Changes in brand value can also be incorporated into the performance evaluation system. Indeed, brand value information alerts management to negative as well as positive results of strategic brand management decisions. Most traditional means of performance evaluation and reward are based on short-term and historically focused measures such as sales and profits. However, managers have often taken action that benefits them in receiving short-term bonuses, yet has a long-run detriment to the company in terms of the health of the brand. Thus, many evaluation and reward systems have been altered to include some assessment of long-term performance. Brand valuation is an ideal measure for countering these short-term issues and helping determine performance and rewards. Managers know that any short-term expenditure can be related to future benefits as a result of their decisions.
A long-term focus also helps with planning and budgeting decisions. Marketing professionals at all levels can be more involved in both these processes. Brand value is a more meaningful metric that provides marketers and accountants with a common focus in brand planning. The effect of a decision on brand value provides a common means for choosing among alternatives and setting priorities. It also keeps the central focus of the entire organization of paramount importance. Maximizing brand value can become a fundamental operational goal of the planning process, consistent with the corporate objective of maximizing shareholder value.
Similarly, the use of brand values supports a better way to hold managers accountable for their actions. Meeting a budgetary target in terms of conventional accounting measures of performance (revenues or expenses) can be arbitrarily manipulated. Using a long-term perspective, managers can concentrate on actions that benefit the entire organization and are reflected in the brand's value.
A short-term management focus is particularly problematic, given the high turnover in many marketing positions due to promotions and lateral assignments. Unlike conventional accounting measures, in which an annual time frame is dominant, brand valuation is a technique that outlives personnel. It has immediate transferability across people and departments. The consistent focus on brand value allows even new employees to understand their role and how their reward system matches the organization's objectives.
Managing a complex brands which have multiple product categories under the brand umbrella, can be simplified with brand valuation. Strategies among separate product managers can be coordinated by considering the combined effects on brand value for management of the separate product segments. Instead of focusing on short-term cost minimization or revenue maximization, a more holistic view of the brand can result from product managers taking a more integrated approach in maintaining or maximizing the value of the brand. Such a system can ensure that each product manager's efforts at building value for the entire brand is identified and rewarded. Product managers may be more likely to undertake such activities if there is a way to identify and recognize their efforts without making an individual product segment bear the entire cost. By calculating brand value, product managers are also acutely aware that their individual actions can affect the entire brand.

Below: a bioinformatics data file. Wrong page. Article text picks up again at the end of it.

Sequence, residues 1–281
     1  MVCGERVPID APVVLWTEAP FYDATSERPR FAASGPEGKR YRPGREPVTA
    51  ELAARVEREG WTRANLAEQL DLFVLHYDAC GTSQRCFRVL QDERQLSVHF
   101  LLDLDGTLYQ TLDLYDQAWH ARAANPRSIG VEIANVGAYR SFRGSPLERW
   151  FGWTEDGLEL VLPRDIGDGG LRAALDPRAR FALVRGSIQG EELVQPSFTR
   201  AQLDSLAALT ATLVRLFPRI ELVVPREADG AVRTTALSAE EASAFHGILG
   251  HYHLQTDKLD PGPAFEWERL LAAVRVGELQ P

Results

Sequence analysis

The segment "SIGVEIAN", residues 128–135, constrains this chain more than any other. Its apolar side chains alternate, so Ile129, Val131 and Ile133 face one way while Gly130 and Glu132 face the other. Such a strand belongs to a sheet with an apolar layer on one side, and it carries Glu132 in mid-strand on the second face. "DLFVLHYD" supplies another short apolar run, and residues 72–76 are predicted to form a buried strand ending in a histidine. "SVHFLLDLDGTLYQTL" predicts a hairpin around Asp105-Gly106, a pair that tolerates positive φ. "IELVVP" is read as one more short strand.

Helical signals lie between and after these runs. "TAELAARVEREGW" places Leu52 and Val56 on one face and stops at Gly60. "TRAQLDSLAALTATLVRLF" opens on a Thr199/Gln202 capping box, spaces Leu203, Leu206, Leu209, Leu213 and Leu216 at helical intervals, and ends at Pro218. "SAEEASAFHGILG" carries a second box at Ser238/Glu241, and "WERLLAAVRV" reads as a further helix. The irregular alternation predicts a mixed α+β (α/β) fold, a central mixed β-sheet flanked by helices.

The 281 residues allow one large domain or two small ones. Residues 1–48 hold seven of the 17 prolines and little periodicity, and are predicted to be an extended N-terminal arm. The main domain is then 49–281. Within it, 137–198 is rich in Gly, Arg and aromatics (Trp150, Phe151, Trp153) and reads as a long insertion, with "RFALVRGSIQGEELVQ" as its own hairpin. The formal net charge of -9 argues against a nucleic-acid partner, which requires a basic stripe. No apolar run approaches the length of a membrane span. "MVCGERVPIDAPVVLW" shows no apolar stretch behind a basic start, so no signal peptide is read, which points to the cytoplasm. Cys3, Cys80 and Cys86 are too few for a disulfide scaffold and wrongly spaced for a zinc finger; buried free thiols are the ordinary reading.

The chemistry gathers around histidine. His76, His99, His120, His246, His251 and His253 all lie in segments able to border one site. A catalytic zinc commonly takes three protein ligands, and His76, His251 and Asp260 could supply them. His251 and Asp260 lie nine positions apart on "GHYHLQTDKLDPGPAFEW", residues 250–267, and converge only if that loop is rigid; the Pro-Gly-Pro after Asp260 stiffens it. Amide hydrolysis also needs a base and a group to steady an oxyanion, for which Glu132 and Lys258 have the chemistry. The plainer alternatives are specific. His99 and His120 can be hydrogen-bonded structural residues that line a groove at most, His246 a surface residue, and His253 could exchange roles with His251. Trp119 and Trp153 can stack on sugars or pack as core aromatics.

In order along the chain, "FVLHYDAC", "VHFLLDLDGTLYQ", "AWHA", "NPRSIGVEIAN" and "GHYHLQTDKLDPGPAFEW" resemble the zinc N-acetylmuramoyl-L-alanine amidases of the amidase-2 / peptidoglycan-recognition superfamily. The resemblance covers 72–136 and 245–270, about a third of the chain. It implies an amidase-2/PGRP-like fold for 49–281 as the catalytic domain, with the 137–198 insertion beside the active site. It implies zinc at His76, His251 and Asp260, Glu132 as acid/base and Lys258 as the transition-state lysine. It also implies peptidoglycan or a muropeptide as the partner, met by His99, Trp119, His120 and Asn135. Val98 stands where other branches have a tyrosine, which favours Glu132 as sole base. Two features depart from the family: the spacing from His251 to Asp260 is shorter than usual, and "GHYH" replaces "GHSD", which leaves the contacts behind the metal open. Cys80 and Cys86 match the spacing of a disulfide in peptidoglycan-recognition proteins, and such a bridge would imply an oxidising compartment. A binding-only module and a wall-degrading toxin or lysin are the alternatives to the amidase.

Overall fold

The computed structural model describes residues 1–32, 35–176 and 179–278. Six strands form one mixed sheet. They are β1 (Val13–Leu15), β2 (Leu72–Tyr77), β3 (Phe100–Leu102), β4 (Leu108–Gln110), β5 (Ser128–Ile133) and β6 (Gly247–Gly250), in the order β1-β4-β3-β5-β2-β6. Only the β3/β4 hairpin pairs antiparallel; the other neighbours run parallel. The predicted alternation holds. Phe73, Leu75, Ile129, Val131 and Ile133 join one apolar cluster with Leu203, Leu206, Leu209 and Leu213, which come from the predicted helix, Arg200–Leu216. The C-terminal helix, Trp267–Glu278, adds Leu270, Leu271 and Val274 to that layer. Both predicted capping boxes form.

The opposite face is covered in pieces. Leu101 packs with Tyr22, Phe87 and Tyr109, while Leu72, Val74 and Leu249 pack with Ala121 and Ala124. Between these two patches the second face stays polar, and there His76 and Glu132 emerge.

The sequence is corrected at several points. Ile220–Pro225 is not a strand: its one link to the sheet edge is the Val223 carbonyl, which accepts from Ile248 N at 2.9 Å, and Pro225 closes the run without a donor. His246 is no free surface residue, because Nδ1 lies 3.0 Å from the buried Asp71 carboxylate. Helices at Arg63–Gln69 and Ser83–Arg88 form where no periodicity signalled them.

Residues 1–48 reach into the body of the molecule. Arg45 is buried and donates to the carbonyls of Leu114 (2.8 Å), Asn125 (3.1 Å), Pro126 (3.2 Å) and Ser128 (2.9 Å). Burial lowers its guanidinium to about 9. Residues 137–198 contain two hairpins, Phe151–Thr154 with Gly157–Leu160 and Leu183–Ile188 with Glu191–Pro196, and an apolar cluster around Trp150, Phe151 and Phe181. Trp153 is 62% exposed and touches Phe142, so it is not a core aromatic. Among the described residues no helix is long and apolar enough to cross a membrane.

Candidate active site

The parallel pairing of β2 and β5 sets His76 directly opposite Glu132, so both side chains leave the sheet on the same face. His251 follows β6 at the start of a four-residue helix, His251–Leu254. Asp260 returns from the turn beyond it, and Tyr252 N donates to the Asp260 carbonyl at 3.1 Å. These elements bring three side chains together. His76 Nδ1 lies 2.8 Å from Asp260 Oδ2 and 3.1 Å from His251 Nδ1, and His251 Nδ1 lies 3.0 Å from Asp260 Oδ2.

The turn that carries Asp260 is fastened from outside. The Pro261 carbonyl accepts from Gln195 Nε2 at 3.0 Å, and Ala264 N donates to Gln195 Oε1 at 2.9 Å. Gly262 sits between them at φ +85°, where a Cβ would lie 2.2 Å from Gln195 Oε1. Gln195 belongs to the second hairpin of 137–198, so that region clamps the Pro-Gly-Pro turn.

It is sometimes difficult to compare the performance of managers of different products or in different geographic segments; brand valuation allows the use of a comparable measure. The measure of brand value is less subjective and more consistent when evaluating among alternative performances. Procter & Gamble is perhaps the best example of a company faced with this difficulty in owning and managing a host of strong brands. P&G uses brand valuation to assist in determining a fair price to charge sometimes as many as 50 subsidiaries for using the brand or the technology associated with it. The brand value helps determine intercompany transfer prices. Identifying realistic and appropriate transfer prices is important for the evaluation of subsidiary managers as well as for international taxation issues when the subsidiaries are located overseas.
Brand valuation can also aid managers involved in budget allocation decision making. Marketing spending could be allocated according to the relative value of the brand in the portfolio. The process of determining the strength of the brand used in the valuation could also yield valuable information for this spending allocation. For example, the appraisal of brand strength might reveal particular areas of vulnerability for the brand that might warrant a focused marketing campaign and thus create additional implications for the allocation of the budget. This highlights how brand valuation might improve the process of determining how the marketing budget should be allocated in order to achieve the greatest return.